The day I found those Giant Puffballs we were actually out collecting acorns. My husband was interested in learning how to make them palatable since we have so many in this area. He is into trees the way I am into healing plants.
The White Oak is the one to collect, they are naturally less bitter.
First we froze them, that made the skins come off easier. The skin is the layer just under the shell. My husband shelled them.
Next began the process of making acorn flour. There are different ways to do that. First the bitter tannins must be removed. Some people boil the acorns multiple times until the water runs clear. We went with a non cooked method of leaching out those tannins.
First we ground them up in the wet Vitamix. More water was added to them in a jar and this sat for 24 hours. Each 24 hours fresh water replaced the old until the water was clear.
Once the tannins were cleared out, we dehydrated the wet acorn meal. I have an Excaliber 4 tray. It came out really nice, nutty and tasty. (I snacked on some.) The grain was quite rough still, so we ground it to flour consistency in the dry Vitamix. It is came out very smooth, with a feel and look of cocoa powder.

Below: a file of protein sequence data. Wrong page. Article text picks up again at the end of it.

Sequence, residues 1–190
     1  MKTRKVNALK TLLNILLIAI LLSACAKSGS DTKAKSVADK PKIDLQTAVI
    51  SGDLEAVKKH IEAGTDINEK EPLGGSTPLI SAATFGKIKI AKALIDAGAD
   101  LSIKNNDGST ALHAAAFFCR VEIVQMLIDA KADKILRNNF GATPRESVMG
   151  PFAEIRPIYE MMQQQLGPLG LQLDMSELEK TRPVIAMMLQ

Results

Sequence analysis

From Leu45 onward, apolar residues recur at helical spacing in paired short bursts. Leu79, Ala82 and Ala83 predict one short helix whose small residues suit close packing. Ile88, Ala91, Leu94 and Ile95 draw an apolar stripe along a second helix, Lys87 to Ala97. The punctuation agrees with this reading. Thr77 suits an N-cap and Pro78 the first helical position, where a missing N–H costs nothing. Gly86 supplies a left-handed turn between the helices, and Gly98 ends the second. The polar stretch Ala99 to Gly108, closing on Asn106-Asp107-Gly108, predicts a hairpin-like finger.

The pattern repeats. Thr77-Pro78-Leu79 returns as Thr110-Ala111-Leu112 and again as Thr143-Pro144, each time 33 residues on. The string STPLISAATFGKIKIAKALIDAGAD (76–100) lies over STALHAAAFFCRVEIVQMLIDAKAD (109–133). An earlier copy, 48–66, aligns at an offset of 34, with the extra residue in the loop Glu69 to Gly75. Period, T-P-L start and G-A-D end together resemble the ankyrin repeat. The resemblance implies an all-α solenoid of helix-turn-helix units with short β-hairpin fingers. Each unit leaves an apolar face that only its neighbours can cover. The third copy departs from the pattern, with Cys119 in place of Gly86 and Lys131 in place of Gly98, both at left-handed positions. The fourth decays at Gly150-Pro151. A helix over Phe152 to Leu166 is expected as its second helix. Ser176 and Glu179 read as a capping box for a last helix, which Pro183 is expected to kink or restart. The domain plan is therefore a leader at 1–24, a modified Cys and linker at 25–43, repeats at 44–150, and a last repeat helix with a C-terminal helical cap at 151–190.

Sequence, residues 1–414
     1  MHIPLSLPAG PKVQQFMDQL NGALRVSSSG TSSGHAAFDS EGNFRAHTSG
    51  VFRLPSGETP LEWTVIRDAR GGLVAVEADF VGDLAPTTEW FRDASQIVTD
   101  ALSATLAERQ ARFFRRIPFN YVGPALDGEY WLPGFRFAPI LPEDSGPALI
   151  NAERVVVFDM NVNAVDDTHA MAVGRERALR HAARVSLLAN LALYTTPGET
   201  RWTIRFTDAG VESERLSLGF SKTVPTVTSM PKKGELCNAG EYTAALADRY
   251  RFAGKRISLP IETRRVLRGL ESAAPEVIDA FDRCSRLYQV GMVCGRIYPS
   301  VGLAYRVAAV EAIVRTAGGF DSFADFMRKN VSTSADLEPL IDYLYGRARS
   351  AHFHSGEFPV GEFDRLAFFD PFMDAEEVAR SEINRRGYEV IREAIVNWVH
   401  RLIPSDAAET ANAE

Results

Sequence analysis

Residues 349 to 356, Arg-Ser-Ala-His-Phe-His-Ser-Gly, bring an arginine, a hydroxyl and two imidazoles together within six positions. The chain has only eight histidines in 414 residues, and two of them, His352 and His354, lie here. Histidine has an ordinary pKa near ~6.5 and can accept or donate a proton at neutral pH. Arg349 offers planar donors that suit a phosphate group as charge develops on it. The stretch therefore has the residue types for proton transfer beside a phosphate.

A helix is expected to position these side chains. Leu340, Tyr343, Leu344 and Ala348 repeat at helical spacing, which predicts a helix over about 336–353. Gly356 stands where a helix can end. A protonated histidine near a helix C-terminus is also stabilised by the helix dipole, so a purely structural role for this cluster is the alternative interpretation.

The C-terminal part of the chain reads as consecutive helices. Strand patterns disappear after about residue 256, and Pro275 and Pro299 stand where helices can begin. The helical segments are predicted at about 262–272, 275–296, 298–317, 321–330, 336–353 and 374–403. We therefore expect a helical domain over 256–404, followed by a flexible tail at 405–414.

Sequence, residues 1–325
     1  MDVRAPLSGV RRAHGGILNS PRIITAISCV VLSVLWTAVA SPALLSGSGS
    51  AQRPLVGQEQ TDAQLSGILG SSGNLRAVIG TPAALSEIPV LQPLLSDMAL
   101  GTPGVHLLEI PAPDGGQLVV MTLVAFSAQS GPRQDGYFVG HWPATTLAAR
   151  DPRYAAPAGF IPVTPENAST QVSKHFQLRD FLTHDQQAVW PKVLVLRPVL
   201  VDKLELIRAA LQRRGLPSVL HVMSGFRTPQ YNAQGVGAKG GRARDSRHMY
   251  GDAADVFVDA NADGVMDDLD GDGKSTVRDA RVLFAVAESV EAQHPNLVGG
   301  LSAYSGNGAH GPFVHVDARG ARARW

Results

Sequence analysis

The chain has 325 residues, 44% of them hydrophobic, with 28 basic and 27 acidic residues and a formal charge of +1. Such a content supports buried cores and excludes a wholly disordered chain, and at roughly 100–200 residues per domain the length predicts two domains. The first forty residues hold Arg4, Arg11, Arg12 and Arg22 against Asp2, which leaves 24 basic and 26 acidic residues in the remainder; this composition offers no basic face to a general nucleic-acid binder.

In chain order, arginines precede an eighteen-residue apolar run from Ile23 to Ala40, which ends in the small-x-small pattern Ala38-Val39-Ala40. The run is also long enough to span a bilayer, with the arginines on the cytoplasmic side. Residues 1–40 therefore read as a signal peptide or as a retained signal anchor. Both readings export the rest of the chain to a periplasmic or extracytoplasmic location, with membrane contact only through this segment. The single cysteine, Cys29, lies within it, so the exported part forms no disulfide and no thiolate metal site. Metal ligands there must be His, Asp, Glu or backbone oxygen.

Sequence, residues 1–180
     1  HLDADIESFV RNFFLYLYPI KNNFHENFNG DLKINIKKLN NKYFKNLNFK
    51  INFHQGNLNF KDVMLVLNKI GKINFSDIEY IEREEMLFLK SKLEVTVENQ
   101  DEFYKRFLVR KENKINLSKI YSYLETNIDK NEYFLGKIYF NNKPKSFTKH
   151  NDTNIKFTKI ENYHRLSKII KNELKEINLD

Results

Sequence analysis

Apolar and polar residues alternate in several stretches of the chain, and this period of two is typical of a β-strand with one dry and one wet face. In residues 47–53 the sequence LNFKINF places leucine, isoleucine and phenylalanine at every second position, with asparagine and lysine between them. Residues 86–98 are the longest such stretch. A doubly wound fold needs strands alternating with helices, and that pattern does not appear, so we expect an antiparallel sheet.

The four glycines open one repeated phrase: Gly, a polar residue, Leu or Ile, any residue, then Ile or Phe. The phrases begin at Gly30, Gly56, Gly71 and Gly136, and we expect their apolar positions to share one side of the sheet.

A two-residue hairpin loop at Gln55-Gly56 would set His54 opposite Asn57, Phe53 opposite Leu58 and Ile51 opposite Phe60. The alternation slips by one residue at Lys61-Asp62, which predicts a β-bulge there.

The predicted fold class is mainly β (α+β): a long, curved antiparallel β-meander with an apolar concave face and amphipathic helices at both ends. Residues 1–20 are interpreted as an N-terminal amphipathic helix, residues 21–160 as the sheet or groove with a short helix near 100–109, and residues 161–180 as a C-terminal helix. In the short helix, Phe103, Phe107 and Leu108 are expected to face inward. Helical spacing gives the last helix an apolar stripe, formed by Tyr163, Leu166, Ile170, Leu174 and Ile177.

My first test was on some cookies. Some GF friends were dropping by for tea. I grabbed everything that I had that was GF and went to work experimenting.
I kept it simple, much like a shortbread: butter, sugar, vanilla, with cashew meal, acorn and oat flours. They were so good! Even the smallest of humans wanted more, which is really how I judge a "healthy" cookie.
Next was a recipe from the book Acorn Pancakes, Dandelion Salad, and 38 Other Wild Recipes. A simple classic, pancakes with butter and maple syrup. The acorn is so mild and nutty. It doesn't have that extra bitter taste that many of the darker grains have.
Yesterday's yummy breakfast. I had some leftover pancake batter. I waffled it and topped it with butter and smoked salmon. Again, it came out really good.
Acorn flour is a winner!I love the idea of eating wild foods that man has not tampered with. Everything that fed that tree is now feeding me and my family. It is nutritionally excellent and it is extremely tasty and versatile. Oh, and the acorns were free!